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Created Computed ­Universe


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Created Computed Universe, illustration

Credit: Attila Alexovics

In 1956, justa few years after the birth of computing, Isaac Asimov published a story called the "Last Question."1 In the story, he envisions a computer-based superintelligence will eventually emerge. The story's highlight is its brilliant ending, in which computing crosses into cosmology, philosophy, and the atheism-creationism debates. Starting from Asimov's story, this Viewpoint discusses how speculation about the future of computing reshapes our perspective on the nature of reality, makes a strong case for agnosticism, and elevates mind and computing into primary cosmological forces.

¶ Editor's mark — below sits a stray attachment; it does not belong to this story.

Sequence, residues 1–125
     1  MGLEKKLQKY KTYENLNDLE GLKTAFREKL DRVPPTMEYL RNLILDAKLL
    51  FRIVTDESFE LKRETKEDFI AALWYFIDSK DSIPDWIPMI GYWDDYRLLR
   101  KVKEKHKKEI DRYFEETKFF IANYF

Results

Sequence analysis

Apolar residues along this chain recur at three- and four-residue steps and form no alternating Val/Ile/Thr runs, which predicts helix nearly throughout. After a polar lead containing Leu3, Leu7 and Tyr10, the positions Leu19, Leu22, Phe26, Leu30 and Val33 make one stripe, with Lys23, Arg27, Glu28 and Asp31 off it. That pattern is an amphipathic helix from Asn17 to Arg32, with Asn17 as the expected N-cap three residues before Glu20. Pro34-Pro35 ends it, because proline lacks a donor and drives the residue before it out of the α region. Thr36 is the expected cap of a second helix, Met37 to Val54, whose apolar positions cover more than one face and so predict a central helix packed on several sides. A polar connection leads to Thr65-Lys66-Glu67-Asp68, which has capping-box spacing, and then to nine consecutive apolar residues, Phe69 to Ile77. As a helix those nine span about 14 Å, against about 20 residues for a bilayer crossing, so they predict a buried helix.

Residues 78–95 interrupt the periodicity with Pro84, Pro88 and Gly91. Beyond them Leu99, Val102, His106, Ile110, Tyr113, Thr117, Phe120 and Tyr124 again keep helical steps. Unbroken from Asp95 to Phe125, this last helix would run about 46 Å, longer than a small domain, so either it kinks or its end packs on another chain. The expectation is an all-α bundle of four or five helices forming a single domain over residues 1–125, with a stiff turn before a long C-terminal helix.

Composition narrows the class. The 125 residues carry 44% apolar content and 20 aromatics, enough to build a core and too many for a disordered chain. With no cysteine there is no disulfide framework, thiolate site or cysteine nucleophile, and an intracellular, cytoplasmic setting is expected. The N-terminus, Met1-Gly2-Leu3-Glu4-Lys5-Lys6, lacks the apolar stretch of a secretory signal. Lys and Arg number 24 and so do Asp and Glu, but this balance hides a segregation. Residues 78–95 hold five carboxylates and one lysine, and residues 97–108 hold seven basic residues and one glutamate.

In Asimov's story, in the year 2150 humanity has solved its energy problems by efficiently harvesting solar energy. A supercomputer, named AC, is the key enabler of this solar energy technology. But two technicians of AC still worry that humanity will eventually die, when the sun and all other energy sources finally exhaust themselves. Since AC has plenty of spare computing cycles it is given the question: How can we keep humanity alive forever? AC replies "INSUFFICIENT DATA FOR MEANINGFUL ANSWER" but keeps thinking on it. Centuries pass and AC becomes a vast superintelligent mind that occupies the mass of whole planets. Still no answer. Myriad years pass, AC becomes a vast superintelligent mind. Every human's mind is uploaded on it. Millions of years pass and AC's computation is a pattern of energy spread out in the whole space, much alike the alien race in Arthur Clarke's 2001: A Space Odyssey and in the spirit of Ray Kurzweil's prediction11 that it is the fate of humanity to produce a superintelligent mind, whose computation will eventually consume the matter and energy of vast areas of the universe. Still no answer.


 

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